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President’s announcement for pre-school for every child is perfect timing for renewed push of national bilingual literacy program

LatinaLista — President Obama’s State of the Union announcement that he plans on working with states to make high-quality preschool available to every child in America is welcome news in the Latino community that has historically struggled with low literacy rates.

In states such as California and Texas, Latino students account for more than 50 percent of all children of kindergarten age or younger, and the majority of them enter kindergarten already six months behind their peers in school readiness.

One of the major reasons Latino children lag in school readiness is the lack of access to quality children’s books in their homes. A national bilingual reading program started in 2011, Read Conmigo, is making a renewed push to boost literacy rates among Latino children by spreading the word that Latino families and educators can receive free bilingual children’s books.

Sponsored by Infinity Insurance, the parent-focused literacy program has already distributed more than 350,000 free books to classrooms and families — and they want to distribute even more.

It’s a win-win situation for children, families and educators and it couldn’t be simpler.

Parents of children from kindergarten to fifth grade can register online to receive the free bilingual children’s books every second month. For those who live in California, Florida, Texas, Arizona and Alabama, shipping is free. Everyone else, regardless of what state they live in, will receive the books via computer, otherwise known as e-books.

Read Conmigo books feature creative, fresh and engaging stories in both English and Spanish, so that parents and children can read aloud together. The campaign promotes the distinct educational, social, and financial benefits of bilingualism and provides parents with free tools and resources to help them create a lifelong love of reading. Many Latino parents, grandparents and caregivers who do not read fluently yet in English are hesitant to read to their children at home in Spanish. Studies show, however, that bilingual reading together is just as effective at building good reading skills. This helps students raise their reading levels and succeed in the classroom, and fosters a positive learning environment. The books are also helpful for Hispanics who want to nurture their children’s Spanish fluency, and for all families that want to promote the love of reading and a love of languages.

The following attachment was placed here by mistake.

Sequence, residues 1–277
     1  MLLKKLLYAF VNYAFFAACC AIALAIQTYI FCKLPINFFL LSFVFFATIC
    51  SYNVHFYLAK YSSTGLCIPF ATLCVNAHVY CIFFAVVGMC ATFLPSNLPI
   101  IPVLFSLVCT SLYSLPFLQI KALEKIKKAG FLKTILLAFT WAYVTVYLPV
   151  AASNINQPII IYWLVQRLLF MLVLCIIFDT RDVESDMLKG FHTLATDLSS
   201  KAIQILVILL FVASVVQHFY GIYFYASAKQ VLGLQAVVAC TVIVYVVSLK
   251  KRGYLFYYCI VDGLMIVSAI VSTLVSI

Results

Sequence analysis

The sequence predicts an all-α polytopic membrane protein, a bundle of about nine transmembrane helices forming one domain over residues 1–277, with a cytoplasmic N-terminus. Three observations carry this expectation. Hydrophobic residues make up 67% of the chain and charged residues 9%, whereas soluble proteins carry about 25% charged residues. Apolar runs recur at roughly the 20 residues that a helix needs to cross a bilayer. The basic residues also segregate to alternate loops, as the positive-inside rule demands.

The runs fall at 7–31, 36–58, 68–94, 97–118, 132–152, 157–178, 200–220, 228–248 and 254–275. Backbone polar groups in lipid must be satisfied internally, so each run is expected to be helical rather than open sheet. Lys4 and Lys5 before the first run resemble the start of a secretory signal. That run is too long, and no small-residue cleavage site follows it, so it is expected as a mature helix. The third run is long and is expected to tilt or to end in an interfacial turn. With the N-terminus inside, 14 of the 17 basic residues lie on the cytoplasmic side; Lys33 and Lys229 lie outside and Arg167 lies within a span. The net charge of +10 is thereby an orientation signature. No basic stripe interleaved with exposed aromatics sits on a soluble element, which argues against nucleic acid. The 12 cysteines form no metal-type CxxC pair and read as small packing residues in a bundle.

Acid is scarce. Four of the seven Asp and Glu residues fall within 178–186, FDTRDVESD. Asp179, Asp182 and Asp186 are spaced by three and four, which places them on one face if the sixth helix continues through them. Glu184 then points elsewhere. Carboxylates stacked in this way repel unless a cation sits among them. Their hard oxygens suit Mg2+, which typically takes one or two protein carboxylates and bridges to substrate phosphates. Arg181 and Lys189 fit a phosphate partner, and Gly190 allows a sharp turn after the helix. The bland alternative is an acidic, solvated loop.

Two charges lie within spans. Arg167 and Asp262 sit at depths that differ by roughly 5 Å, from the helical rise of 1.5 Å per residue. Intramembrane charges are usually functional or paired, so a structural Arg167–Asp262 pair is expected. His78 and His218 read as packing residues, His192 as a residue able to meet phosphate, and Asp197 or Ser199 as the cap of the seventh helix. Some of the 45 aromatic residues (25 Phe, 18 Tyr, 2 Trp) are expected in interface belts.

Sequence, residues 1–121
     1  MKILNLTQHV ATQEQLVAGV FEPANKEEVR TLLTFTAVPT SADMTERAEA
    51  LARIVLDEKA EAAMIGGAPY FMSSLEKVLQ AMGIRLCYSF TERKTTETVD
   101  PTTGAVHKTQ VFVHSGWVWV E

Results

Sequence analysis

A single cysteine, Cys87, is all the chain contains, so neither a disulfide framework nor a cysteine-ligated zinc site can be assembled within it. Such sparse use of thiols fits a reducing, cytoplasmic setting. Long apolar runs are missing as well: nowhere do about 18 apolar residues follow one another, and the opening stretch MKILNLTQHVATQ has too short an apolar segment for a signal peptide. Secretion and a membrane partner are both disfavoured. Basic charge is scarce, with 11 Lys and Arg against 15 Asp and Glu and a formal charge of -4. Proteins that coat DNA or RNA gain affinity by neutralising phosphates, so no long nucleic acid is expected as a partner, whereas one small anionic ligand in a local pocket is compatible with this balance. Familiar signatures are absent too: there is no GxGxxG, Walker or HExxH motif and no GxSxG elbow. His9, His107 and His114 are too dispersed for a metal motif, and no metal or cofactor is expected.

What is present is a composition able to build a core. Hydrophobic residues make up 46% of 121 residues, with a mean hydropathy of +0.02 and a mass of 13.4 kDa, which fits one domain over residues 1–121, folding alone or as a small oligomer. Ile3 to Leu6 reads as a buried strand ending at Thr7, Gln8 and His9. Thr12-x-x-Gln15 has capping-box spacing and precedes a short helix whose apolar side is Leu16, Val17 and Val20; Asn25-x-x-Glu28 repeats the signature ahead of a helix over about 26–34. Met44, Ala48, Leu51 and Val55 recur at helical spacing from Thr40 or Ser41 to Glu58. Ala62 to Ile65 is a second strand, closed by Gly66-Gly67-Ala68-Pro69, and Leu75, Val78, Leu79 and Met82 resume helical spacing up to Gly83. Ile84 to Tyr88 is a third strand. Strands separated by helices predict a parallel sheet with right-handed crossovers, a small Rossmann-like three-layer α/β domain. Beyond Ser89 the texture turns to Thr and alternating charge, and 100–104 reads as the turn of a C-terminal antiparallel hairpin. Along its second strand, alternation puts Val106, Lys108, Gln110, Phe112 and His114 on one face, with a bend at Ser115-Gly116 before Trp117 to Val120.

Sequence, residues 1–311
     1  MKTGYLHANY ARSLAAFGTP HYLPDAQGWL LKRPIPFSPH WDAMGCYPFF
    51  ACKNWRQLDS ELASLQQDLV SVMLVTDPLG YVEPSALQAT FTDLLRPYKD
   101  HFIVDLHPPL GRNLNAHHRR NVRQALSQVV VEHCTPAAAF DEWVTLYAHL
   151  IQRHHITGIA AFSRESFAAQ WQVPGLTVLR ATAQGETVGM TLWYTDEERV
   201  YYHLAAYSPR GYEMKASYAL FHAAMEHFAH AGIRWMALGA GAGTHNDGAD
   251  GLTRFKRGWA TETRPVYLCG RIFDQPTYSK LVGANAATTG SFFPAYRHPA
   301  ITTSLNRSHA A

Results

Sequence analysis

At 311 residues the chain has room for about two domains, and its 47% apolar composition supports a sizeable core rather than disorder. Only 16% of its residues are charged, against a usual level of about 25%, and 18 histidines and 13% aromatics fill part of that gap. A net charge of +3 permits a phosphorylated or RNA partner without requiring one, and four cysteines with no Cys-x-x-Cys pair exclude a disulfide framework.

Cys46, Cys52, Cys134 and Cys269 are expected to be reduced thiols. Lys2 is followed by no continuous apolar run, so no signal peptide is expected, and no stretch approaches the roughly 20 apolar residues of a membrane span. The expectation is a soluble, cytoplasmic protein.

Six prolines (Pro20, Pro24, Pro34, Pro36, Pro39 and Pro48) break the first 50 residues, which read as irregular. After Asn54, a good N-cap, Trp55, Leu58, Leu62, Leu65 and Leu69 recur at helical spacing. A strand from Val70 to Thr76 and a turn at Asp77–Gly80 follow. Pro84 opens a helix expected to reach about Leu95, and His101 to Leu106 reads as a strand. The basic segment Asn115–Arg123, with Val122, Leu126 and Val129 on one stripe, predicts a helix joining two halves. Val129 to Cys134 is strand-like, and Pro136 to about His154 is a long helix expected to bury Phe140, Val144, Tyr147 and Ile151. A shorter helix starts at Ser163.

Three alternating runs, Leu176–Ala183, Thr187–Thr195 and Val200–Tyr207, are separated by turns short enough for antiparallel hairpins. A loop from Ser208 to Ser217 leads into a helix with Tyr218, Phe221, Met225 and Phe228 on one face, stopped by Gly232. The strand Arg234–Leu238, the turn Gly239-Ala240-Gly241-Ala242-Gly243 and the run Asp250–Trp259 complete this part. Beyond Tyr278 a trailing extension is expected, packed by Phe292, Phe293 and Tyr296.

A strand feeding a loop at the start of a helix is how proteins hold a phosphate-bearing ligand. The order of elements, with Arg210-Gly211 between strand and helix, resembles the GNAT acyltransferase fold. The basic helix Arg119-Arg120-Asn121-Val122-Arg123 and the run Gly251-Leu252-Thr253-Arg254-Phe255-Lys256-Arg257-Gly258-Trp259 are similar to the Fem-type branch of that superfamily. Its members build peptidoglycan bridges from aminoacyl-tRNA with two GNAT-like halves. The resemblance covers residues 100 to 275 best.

Another benefit of the program is that it is actively creating publishing opportunities and exposure for up and coming Latino authors and illustrators.

At a time when a minimal number of mainstream published children’s books feature Latino characters, the program serves as a foundation for changing the attitude of established publishers towards Latino readers and, at the same time, fostering a love of a skill that is essential for any child or adult to have a successful life.

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